Language Guide: Control Structures

if

if can be called in two different ways:

  1. Method If: conditional -> if: { true } { false }
  2. Function If: if: { conditional } { true } { false }

The conditional is evaluated based on the output produced by the function and the exit number. Any non-zero exit numbers are an automatic "false". Any functions returning no data are also classed as a "false". For a full list of conditions that are evaluated to determine a true or false state of a function, please read the documentation on the boolean data type in GUIDE.syntax.md.

Please also note that while the last parameter is optional, if it is left off and if or !if would have otherwise called it, then if / !if will return a non-zero exit number. The significance of this is important when using if or !if inside a try block.

This is where the conditional is evaluated from the result of the piped function. The last parameter is optional.

# if / then
out: hello world | grep: world -> if: { out: world found }

# if / then / else
out: hello world | grep: world -> if: { out: world found } { out: world missing }

if / else
out: hello world | grep: world -> !if: { out: world missing }

This is where the conditional is evaluated from the first parameter. The last parameter is optional.

# if / then / else
if: { out: hello world | grep: world } { out: world found }

# if / then / else
if: { out: hello world | grep: world } { out: world found } { out: world missing }

if / else
!if: { out: hello world | grep: world } { out: world missing }

!if

if also supports an anti-alias which will "not" the conditional, effectively reversing the "then" and "else" parameters. See if (above) for examples.

try

This will force a different execution behaviour. All pipelined processes will become sequential (unlike normally when they run in parallel) and any exit numbers not equal to zero (0) will terminate the code block. This also includes if statements so be very careful to include an else parameter, even if it's an empty block, so if doesn't raise an error.

If the try block fails then try will raise a non-zero exit number. If you want to run an alternative block of code in an event of a failure then combine with the catch method.

# try
try: { out: hello world | grep: foobar; out: other stuff }

# try / catch
try: { out: hello world | grep: foobar; out: other stuff } \
    -> catch { out: `try` failed }

catch

This works a little like the single parameter !if method except it only checks the exit number (not stdin) and the stdin stream is simply forwarded along the chain.

catch is typically used alongside try but it can also be used on its own where you want to check the success of a routine while preserving its stdout stream.

Use !catch to "else" the try

# try / catch
try: { out: hello world | grep: foobar; out: other stuff } -> catch { out: `try` failed }

# catch
out: hello world | grep: foobar -> catch { out: foobar not found }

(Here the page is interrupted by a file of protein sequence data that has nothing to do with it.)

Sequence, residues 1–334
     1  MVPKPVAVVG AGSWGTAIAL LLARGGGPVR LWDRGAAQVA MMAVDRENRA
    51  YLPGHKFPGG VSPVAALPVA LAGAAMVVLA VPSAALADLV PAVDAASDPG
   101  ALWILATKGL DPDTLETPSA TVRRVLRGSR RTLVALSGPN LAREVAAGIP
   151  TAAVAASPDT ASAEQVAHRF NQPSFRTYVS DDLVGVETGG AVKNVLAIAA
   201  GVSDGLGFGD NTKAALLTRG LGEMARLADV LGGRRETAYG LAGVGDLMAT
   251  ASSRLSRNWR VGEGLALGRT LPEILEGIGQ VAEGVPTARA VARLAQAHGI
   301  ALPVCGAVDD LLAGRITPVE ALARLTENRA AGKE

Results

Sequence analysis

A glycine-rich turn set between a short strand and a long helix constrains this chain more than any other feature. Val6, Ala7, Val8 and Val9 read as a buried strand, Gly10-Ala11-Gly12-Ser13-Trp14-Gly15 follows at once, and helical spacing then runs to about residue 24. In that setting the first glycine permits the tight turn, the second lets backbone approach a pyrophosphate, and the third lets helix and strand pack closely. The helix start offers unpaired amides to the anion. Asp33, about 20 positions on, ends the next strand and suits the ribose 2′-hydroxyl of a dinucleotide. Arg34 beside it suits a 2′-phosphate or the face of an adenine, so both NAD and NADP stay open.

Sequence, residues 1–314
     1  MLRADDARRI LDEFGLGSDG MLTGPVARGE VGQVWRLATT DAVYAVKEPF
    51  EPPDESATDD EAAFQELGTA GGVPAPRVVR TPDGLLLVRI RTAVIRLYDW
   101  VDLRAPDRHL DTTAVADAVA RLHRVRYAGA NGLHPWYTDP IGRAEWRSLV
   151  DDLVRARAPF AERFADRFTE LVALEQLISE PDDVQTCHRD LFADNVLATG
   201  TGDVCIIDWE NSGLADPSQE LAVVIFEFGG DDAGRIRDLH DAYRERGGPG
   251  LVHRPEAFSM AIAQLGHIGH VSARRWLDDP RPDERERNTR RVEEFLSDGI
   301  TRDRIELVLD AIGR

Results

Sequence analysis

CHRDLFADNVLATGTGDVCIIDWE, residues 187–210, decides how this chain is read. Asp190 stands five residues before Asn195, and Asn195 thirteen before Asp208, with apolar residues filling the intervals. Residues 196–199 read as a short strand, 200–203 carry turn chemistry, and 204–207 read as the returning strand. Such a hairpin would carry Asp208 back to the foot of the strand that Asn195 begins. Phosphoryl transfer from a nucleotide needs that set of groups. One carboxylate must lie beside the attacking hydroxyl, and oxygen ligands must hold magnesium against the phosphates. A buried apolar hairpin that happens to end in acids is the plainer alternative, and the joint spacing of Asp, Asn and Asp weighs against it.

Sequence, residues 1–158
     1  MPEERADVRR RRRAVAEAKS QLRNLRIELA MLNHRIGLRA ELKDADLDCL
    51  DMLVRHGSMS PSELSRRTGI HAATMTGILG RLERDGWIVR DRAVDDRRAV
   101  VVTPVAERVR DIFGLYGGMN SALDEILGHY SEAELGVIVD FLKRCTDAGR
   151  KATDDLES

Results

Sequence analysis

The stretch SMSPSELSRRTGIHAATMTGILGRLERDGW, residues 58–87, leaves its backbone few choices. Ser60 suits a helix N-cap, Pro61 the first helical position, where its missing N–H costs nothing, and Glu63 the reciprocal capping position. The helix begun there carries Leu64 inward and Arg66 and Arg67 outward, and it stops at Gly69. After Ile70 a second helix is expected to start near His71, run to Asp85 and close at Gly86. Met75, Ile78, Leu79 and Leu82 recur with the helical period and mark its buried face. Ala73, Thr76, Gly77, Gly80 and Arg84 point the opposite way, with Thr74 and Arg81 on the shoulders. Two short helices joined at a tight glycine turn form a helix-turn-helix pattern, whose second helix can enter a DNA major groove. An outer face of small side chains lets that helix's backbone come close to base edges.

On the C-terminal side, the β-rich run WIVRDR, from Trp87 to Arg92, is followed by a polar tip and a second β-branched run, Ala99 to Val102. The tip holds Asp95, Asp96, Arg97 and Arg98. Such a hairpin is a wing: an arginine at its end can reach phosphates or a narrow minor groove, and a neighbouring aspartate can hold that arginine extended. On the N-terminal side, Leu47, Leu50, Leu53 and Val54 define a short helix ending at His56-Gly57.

# !catch
out: hello world | grep: world -> !catch { out: world found }

# else
try: { out: hello world | grep: foobar; out: other stuff } \
    -> catch  { out: `try` failed } \
    -> !catch { out: `try` succeeded }

catch also supports anti-alias (!catch) where the code block only executes if the exit number equals zero. This is useful if you have a block of code and want to report back a message or process additional commands if the original block was successful.

for

I was a little naughty in creating this builtin as it breaks one of my style guidelines where the first parameter is input as a code block but is actually treated as a string which is then split into 3 strings via the semi-colon character, ;, and processed as 3 separate blocks.

Usage:

for ( i=1; i<6; i++ ) { echo $i }

The parameter is: ( i=1; i<6; i++ ), but it is then converted into the following code:

  1. let i=0 - declare the loop iteration variable
  2. = i<0 - if the condition is true then proceed to run the code in the second parameter - { echo $i }
  3. let i++ - increment the loop iteration variable

The reason behind breaking my own style guidelines on this function was to create a for loop that was mirrored what the average developer might expect. However foreach and while both follow the usual structure of murex code or want the performance gained from not running 3 additional commands on each loop iteration, then you could write it using the array function, a:

a: [1..5] -> foreach i { echo $i }

Using the a function like this is more idiomatic murex as well as much more performant. For example, in the commands below, both print every multiple of 2 between 10 and 10,000 (inclusive). The former is less readable but will take approximately 1/10th of the time to process when compared to the latter:

time { a: [1..999][0,2,4,6,8],10000 -> foreach i { $i } }
time { for { i=10; i<10001; i=i+2 } { $i } }

For more information about the array function see GUIDE.arrays-and-maps.md.

foreach / formap

These functions will loop though each element in an array (foreach) or map (formap)

listed_output -> foreach: var_name { iteration }
structured_output -> formap: var_key var_value { iteration }

More detailed descriptions on working with structured data, including examples, can be found in GUIDE.arrays-and-maps.md.

while

(description to follow)

while: { conditional } { iteration }

select: { condition } {
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